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Certain dietary changes can have a beneficial effect on mental health, writes Dr Frankie Phillips.
Mental health problems are increasing in the UK population and globally, and depression is predicted to be the second highest cause of disease in the world.1 However, emerging research has indicated some ways that diet may help to protect mental health in mild to moderate cases of depression.
It is well-documented that adequate nutrition in utero and childhood is crucial for healthy brain development. The WHO suggests changes in nutrition provision at school and in the home may be a contributory factor in the rise of mental health problems in childhood and adolescence.2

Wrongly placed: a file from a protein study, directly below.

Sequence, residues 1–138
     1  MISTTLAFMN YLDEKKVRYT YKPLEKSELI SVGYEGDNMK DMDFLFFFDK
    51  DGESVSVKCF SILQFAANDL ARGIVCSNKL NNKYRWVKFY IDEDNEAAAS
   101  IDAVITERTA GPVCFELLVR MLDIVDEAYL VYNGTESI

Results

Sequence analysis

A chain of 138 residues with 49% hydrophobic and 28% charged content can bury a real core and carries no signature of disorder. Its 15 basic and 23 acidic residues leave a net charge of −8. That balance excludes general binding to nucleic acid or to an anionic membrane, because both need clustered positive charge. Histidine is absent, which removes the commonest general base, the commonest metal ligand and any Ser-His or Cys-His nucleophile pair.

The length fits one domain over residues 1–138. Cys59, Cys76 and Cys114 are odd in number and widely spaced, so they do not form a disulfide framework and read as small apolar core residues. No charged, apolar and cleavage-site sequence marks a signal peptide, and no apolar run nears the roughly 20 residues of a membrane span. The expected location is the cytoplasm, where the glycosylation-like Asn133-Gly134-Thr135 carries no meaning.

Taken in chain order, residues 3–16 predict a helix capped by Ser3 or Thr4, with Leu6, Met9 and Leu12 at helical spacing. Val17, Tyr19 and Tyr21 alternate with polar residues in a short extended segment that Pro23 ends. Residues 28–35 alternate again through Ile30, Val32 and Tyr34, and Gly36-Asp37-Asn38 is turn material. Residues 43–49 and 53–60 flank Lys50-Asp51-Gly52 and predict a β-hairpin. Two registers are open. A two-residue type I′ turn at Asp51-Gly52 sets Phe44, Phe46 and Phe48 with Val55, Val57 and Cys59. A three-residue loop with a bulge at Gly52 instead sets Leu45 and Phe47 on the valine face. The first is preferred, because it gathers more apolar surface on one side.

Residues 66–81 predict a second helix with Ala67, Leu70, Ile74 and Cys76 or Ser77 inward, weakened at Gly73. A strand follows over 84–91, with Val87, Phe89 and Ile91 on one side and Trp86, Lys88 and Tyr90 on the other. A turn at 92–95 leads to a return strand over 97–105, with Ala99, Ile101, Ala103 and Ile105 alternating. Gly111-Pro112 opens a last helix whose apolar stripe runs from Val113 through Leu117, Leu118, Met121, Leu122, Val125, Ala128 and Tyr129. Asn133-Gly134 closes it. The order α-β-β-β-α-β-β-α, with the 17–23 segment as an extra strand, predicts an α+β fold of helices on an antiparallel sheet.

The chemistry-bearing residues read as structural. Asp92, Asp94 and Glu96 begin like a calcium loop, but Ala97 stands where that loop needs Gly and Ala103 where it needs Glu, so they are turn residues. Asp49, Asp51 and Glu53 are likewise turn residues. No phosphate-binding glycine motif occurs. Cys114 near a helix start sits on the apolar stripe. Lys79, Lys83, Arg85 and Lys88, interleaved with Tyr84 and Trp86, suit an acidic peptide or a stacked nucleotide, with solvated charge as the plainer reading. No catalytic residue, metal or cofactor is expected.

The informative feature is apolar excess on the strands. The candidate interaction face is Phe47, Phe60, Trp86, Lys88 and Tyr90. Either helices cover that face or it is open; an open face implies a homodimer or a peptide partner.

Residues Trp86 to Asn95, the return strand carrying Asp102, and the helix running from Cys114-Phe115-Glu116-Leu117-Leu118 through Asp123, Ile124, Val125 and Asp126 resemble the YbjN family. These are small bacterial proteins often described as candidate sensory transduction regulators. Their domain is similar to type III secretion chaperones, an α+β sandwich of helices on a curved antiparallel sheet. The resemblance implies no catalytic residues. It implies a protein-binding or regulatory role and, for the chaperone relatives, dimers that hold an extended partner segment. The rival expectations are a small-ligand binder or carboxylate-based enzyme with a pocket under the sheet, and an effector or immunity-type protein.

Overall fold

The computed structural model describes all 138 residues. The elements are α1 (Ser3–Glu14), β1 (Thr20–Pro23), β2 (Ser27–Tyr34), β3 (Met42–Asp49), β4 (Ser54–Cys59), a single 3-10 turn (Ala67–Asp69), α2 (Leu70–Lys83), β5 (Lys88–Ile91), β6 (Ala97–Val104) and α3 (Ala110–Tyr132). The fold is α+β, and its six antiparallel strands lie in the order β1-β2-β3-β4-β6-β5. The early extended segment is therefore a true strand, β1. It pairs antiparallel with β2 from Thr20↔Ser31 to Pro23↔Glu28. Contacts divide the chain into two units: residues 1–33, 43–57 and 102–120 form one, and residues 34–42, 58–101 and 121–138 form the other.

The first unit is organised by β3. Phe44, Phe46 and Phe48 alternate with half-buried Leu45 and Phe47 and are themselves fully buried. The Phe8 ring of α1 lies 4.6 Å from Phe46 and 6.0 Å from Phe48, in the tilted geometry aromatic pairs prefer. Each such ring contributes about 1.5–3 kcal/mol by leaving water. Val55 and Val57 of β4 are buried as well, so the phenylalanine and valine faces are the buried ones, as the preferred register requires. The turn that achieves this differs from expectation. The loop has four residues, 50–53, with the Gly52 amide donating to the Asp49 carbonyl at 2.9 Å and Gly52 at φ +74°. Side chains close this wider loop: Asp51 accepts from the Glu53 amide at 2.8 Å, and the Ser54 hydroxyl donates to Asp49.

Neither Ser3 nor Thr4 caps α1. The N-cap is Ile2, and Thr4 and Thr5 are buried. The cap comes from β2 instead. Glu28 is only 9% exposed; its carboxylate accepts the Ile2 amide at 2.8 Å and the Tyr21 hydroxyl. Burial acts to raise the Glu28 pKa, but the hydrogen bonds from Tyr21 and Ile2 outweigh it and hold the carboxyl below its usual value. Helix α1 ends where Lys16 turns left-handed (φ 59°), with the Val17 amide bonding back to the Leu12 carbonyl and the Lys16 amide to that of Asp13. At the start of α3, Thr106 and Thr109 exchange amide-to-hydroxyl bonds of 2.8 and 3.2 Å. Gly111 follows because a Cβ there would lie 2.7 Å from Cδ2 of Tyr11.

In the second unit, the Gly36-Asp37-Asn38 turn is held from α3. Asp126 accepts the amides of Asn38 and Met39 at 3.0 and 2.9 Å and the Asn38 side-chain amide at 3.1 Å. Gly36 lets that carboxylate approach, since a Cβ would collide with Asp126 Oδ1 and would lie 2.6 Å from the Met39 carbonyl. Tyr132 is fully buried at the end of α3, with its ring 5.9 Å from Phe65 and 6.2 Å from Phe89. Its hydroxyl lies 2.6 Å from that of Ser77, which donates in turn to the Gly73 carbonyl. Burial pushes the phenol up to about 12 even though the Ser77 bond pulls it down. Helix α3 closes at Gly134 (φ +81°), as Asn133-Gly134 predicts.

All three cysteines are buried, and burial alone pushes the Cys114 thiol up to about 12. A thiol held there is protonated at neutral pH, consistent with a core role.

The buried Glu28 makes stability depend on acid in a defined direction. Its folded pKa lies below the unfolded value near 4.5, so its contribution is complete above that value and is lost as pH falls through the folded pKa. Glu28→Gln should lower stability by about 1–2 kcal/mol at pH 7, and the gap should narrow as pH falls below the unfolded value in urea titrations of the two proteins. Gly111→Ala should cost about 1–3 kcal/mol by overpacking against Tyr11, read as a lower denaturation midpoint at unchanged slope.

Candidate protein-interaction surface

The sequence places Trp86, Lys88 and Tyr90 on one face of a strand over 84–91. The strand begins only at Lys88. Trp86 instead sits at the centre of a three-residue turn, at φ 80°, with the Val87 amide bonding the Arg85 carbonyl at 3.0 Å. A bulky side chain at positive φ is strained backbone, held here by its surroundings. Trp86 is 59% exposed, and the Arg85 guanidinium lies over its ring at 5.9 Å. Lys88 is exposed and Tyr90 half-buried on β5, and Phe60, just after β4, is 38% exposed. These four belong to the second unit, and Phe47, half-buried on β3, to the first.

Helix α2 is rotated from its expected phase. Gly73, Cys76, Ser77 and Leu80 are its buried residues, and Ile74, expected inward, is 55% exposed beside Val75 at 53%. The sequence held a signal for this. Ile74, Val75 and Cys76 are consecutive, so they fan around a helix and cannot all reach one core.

For the brain to remain healthy, it needs different amounts of carbohydrates, essential fatty acids, amino acids, vitamins and minerals and fluid. Consequently, an imbalance could interfere with brain chemistry, structure and function, and ultimately may affect mental health and behaviour.
Specific components of the diet have been explored in relation to depression (box, bottom right). Glucose, derived largely from carbohydrate, fuels muscles and the brain, and hypoglycaemia, e.g. when insufficient food is eaten, can cause tiredness. An adequate supply of glucose to the brain enables focus and concentration. However, once blood glucose is within the normal range, there is no improvement in mood with extra glucose.